Potter fans rejoice; Chamber of Secrets is a great time at the movies. But was there really any question? Since Harry Potter and the Sorcerer's Stone was the smash hit of last year, a successful sequel has been a foregone conclusion. Sometimes these expectations can be the kiss of death (see, or rather, don't see Men in Black II) but the second installation of Harry Potter meets them head on, and embraces them.
One reason for this, I think, is that no one is looking at any of these movies as stand-alone products. While this, too, can sometimes be an issue, for these films it is an asset. The Harry Potter movies are part of a greater whole, so disappointments are softened with the knowledge that there is more right around the bend. Potter is not unique in this trend. In fact, the first decade of the new millennium may come to be known, in Hollywood, as the Era of the Franchise. Lord of the Rings, Harry Potter, The Matrix; each of these highly successful series have something that mere sequels do not: a highly developed, much-adored mythology. I believe that there is no question that all of the entries in each of these franchises will be successful. Sure, there will be debate as to which movie was better, which actor did the best job (as we saw with the tragic loss of Richard Harris, even an adored mythology is not enough to truly immortalize the players), and even which director was truest to form. However, unlike the unfortunate Star Wars saga, which are constantly, and unfairly, judged by the harsh light of their decades-old predecessors, these films will keep their fan base intact for the simple fact that they are planned and, in some cases, executed in one fell swoop. These are truly continuing visions rather than the crass Hollywood norm of "well, that movie made money, let's crank out another."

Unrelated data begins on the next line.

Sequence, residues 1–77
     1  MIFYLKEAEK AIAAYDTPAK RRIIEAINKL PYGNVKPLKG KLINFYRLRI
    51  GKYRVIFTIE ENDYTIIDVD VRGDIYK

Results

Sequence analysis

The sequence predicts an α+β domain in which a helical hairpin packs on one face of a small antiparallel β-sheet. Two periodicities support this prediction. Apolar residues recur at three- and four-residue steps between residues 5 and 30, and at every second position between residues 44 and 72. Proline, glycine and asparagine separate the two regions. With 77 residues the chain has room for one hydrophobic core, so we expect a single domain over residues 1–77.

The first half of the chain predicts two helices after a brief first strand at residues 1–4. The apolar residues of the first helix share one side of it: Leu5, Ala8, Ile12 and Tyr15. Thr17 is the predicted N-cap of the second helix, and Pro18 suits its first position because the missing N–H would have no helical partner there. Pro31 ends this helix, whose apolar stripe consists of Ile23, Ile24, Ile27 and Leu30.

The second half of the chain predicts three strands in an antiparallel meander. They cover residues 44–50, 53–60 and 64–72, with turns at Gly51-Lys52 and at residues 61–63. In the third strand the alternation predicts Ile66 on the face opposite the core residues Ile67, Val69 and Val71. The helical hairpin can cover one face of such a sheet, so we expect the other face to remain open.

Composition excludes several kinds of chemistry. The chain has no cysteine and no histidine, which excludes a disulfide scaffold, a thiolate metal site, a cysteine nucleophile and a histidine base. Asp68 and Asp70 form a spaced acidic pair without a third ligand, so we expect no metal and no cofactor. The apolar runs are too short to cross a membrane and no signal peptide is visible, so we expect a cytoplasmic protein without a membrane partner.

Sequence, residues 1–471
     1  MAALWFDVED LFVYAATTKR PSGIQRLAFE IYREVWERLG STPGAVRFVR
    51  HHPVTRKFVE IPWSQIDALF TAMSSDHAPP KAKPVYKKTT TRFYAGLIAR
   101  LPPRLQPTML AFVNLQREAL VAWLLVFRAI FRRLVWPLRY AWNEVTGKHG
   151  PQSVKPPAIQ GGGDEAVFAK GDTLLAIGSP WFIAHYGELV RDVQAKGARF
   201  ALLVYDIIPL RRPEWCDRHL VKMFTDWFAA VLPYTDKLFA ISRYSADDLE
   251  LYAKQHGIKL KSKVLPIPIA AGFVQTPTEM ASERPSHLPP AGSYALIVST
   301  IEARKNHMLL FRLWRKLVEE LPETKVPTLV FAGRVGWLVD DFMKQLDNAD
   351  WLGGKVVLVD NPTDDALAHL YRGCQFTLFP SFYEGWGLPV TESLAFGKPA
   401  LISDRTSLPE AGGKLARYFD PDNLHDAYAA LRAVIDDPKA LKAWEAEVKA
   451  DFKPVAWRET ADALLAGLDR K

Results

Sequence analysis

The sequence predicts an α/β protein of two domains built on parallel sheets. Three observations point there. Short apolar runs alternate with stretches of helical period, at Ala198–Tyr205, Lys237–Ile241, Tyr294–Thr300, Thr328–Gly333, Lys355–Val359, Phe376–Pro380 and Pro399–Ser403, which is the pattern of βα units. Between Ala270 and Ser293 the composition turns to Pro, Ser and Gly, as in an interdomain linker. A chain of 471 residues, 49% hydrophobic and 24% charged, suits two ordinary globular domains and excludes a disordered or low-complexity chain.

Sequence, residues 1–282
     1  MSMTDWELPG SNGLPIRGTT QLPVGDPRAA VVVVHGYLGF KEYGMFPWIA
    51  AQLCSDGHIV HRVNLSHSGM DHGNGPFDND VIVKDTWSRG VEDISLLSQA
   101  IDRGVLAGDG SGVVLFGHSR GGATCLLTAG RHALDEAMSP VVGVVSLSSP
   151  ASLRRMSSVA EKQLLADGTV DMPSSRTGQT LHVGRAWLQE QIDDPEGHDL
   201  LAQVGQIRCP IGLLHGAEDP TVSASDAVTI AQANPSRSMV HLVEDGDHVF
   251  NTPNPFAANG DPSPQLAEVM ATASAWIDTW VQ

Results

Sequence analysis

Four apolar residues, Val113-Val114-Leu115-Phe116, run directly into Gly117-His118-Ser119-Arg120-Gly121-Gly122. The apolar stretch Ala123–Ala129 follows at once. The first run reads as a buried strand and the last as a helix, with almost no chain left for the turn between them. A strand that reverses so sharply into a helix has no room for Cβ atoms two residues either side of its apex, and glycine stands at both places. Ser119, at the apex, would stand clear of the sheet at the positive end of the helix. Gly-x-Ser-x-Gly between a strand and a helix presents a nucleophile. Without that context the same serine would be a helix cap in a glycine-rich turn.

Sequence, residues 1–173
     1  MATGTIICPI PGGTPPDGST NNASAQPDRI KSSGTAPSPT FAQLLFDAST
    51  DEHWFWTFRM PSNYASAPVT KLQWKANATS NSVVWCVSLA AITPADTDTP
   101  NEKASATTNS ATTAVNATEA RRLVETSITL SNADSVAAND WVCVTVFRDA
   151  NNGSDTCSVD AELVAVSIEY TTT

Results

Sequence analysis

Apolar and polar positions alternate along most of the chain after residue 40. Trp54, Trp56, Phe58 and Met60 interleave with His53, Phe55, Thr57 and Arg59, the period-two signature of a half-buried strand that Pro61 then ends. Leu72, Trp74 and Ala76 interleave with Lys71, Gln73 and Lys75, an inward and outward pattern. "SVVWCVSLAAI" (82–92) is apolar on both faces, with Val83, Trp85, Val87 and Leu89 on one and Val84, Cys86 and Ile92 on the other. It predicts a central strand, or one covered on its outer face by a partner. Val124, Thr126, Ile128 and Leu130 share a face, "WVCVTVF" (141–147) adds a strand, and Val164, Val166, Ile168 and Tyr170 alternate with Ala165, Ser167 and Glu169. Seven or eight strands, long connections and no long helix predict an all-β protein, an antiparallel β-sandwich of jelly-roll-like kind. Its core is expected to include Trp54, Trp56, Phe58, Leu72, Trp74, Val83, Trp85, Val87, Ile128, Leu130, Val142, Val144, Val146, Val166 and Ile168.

And continue the vision does. Chamber of Secrets opens with Harry back home with his magic-hating aunt and uncle, confined to a bedroom and out of contact with his dearest friends. Suddenly, there at the window, is an old and beat-up, yet flying Ford come to rescue him. It's the Weasley boys, and Harry is off on another adventure. This is his second year at Hogwarts School of Witchcraft and Wizardry, and all the old familiar faces have returned, from the odious Draco Malfoy to the courageous whiz kid Hermione Granger. The wonderful thing about a series such as this, is that actors don't mind signing on for another round, and as a result all of the old players are back, from the top of the heap with Daniel Radcliff returning as Harry, to tiny bit parts such as Oliver Wood, the Quidditch captain. All the old locations are here as well, without even a glimmer of a change. The Forbidden Forest, Hagrid's house, and the Castle itself, all reintroduced with perfect clarity. It's almost as if we never left.
Which brings me to the few, and mostly unavoidable, shortcomings present in a film project as large and encompassing as this one. Things seem so familiar, that there is little in the way of shock or joyful surprise. Remember the way you felt when you first saw Hogwarts Castle; how amazed and pleased you were, especially if you are a fan of the books. Remember how dead-on Robbie Coltrane's performance as the oversized Hagrid was, or how beautifully Richard Harris created the great wizard Dumbledore. There is very little of that sort of amazement in this film. Oh, sure, it's fun, but it's not nearly as magical or surprising. There are, of course, some new additions to the mythos that shine brightly; Kenneth Branagh is perfect as the vain professor Gilderoy Lockhart, for example. Aragog the spider and Fawkes the phoenix are both frighteningly and beautifully realized, and the digital character of Dobby the house-elf is a marvel, but they are too few and far between to buoy the entire production.
I do not, however, wish to imply that this movie is not worth your money or your time (and you better have lots of the latter on hand - 2 hours 45 minutes). On the contrary, I think every fan of the books, and every fan of fantasy should experience this film. It is enjoyable, a little frightening, and incredibly faithful to it's source material. In fact, the Harry Potter films, to date, have been the most faithful adaptations I've ever seen. It is amazing what can be achieved when a director/writer/producer is not second guessing every decision, every action, every line of dialogue. It's all right there, written out in plain and beautifully phrased English. Director Chris Columbus and his team get it. They understand that you don't have to add your own stamp to everything; that it's ok to simply pass the story along. So get out and go, join the joyous crowds (I'm sure you won't need much convincing), and if it all seems a little familiar, just settle in and enjoy; it's going to be a long, smooth ride. Grade: A-
Harry Potter and the Chamber of Secrets is rated PG for cartoon action and a few scares.
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